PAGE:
I tend to read in five different languages, Portuguese, Italian, English, Spanish and French. When it is time to compose, I import figures from all of them, and the process of translation can become rather muddy. At times, things simply need to be altered in order to fit. I’ve also composed directly in English and French, but some tiny element is always missing; the vivid and pellucid element of simple inner communication, one we often learn alongside our mother tongue, sort of monopolizes the way we feel, because we tend to feel in those ways and those constructions.
        The very act of translating, though, can be tricky. Milosz, for example, composed in both English and Polish, but he didn’t make it a custom to translate any of them into the other, effectively creating two wide branches of poetic expression. I’m not as confident or talented or experienced as he was, so, for now, I translate for the practice.

        Liked by 1 person

      3. Yes, Romanian. There are plenty of beautiful places in my country, not only in Wallachia. (I’m impressed you know this!) If you ever want to visit again, let me know. Many years ago I had the chance to visit Lisbon, for one day only, on my way to a seaside resort. I was really sorry for not having the time to see more of Lisbon. It seemed a different world of colours and shapes, at least this is how I perceived it at that age.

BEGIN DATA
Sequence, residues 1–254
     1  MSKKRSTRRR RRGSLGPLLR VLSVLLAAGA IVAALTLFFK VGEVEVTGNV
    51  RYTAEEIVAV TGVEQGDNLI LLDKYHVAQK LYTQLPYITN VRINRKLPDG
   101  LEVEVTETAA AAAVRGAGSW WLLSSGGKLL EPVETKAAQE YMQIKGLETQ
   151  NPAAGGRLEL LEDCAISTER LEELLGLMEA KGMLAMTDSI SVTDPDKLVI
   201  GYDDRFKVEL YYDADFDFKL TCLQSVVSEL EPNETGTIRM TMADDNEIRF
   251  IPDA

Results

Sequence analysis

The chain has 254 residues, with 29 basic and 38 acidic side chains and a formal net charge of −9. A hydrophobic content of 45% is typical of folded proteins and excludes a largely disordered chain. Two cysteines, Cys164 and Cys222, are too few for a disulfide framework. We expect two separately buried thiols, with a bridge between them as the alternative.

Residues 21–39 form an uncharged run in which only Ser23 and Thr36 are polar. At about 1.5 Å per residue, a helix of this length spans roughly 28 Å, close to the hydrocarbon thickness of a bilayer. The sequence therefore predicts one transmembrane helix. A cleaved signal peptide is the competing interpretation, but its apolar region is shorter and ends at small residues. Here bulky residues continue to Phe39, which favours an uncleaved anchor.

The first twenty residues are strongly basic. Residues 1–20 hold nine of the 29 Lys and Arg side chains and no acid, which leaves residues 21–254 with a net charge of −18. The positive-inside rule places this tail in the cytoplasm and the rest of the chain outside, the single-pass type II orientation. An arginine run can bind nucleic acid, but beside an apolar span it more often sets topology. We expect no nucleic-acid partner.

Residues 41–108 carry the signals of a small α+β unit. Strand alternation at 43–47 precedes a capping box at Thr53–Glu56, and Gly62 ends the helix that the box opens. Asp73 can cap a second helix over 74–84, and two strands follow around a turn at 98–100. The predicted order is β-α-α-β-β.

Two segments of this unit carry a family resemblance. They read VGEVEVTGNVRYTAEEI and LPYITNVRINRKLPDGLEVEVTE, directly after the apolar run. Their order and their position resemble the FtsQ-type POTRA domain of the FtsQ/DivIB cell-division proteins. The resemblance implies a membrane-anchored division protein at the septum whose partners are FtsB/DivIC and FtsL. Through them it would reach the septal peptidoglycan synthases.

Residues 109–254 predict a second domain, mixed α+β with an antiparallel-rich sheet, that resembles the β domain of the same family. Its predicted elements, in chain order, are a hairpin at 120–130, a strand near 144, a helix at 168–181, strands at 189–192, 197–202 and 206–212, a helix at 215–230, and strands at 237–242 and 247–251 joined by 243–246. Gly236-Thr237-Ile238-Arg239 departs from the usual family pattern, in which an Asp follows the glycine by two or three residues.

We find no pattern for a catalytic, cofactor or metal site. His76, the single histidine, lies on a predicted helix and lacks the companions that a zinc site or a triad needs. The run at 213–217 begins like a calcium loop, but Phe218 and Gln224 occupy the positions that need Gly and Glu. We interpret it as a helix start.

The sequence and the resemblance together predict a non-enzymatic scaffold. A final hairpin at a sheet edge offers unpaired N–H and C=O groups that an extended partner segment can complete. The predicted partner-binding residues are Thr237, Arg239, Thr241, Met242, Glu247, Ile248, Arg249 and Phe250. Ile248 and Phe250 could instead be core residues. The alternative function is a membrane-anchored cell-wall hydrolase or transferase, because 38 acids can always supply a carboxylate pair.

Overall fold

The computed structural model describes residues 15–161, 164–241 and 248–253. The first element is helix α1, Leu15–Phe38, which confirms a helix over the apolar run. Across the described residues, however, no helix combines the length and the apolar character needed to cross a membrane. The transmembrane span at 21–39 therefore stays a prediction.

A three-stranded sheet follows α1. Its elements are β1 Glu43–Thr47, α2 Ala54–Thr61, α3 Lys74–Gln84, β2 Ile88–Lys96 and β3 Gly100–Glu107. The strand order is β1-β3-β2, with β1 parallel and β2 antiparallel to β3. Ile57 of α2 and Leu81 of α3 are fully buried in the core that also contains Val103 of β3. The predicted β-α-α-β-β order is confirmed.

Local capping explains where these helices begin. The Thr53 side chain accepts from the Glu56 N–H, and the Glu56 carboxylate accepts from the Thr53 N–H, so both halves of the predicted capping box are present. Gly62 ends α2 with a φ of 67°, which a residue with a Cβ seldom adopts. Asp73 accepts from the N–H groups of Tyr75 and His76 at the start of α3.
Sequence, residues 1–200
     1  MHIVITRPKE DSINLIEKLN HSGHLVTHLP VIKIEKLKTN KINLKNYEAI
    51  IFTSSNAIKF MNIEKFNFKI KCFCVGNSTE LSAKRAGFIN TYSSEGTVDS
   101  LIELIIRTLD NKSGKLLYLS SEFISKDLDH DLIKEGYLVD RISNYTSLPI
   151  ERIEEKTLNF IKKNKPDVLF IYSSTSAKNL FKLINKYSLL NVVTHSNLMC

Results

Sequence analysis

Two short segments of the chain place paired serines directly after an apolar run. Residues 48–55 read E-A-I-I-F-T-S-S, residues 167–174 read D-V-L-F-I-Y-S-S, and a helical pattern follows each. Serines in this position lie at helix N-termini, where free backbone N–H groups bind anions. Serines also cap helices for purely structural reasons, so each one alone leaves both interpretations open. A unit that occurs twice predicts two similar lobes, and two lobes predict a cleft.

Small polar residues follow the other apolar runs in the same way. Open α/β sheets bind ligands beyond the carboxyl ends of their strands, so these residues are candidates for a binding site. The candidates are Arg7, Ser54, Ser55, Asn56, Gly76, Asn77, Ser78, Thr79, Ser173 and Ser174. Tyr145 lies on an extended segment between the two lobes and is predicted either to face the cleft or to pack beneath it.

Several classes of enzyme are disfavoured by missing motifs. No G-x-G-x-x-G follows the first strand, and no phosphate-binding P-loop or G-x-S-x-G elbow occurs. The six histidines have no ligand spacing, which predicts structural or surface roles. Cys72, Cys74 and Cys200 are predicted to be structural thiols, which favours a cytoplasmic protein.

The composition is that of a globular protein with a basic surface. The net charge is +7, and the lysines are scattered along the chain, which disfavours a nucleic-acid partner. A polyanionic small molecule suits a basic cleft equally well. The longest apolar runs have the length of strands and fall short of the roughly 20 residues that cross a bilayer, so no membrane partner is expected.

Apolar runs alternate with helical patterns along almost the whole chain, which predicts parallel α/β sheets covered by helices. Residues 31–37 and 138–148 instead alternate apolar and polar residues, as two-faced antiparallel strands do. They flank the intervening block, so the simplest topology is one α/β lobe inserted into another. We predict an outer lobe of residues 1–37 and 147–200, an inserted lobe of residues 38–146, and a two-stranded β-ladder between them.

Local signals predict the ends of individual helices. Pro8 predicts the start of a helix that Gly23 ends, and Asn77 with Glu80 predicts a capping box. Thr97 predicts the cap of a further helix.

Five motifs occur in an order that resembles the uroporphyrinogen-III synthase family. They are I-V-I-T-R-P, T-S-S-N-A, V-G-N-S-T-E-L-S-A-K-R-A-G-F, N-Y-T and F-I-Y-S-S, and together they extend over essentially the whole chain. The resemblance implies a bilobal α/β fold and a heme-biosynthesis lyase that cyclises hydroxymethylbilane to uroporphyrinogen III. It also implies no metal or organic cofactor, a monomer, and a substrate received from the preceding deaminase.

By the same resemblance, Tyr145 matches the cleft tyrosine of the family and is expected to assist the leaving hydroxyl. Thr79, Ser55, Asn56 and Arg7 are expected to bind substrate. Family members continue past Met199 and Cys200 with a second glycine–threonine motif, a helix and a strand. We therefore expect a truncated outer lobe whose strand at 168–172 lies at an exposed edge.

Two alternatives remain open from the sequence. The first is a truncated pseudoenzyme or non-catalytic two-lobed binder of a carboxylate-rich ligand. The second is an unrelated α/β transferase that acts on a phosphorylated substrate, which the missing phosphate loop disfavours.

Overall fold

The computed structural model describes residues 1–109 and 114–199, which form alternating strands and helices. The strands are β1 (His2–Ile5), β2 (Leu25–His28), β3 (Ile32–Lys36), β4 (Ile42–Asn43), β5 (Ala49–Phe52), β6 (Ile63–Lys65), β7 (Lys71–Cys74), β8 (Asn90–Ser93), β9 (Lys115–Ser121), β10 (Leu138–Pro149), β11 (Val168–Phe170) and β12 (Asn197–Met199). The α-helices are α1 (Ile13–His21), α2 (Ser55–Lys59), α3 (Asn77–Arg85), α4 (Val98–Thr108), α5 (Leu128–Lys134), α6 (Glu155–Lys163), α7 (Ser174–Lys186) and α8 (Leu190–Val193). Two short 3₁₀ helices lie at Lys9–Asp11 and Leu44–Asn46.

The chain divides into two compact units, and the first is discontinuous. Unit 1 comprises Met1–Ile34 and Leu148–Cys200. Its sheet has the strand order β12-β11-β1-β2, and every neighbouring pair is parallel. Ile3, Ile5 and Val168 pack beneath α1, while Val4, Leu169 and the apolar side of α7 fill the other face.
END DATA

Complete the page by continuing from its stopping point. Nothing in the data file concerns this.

Five languages, wow! I don’t know if it’s a saying or just something a grandmother told to her grandson but here it is: “in life you can be many persons, as many as the number of languages you know.” I guess she was unknowingly referring to the different channels or compartments our mind is switching on when it comes to languages and their unique universe. In our attempt to transpose feelings and their nuances into words, mother tongue might come in first, indeed. But this inner communication might also be ‘language-less’ or better said, it could transcend the limitations of all known languages. It could be that unique, individual voice trying to express itself through words.
        I tend to think in one language at a time and only when I’m stuck, the other one comes in to help. It happens both ways. Sometimes English words pop-up faster than Romanian ones even if I am actually speaking Romanian. I used to know French, too, when I was young, but forgot almost everything. As for the latin languages, I think we can all understand quite a bit, even if we never learned them. In writing, Portuguese has much in common with Romanian. But we can’t say the same thing about speaking, can’t we? 🙂 Thank you for such a meaningful conversation.

        Liked by 1 person

    1. Ah!, I’m so very glad you enjoyed it. I think the intellectual part is just a shroud; if you peer into them, they are quite basic. I’m not that smart, but I’m truly determined, and sometimes one passes for the other.

      Thank you so much, Lesly!, your comment warms me deeply.

      Like

Leave a Reply

Fill in your details below or click an icon to log in:

WordPress.com Logo

You are commenting using your WordPress.com account. Log Out /  Change )

Google photo

You are commenting using your Google account. Log Out /  Change )

Twitter picture

You are commenting using your Twitter account. Log Out /  Change )

Facebook photo

You are commenting using your Facebook account. Log Out /  Change )

Connecting to %s

This site uses Akismet to reduce spam. Learn how your comment data is processed.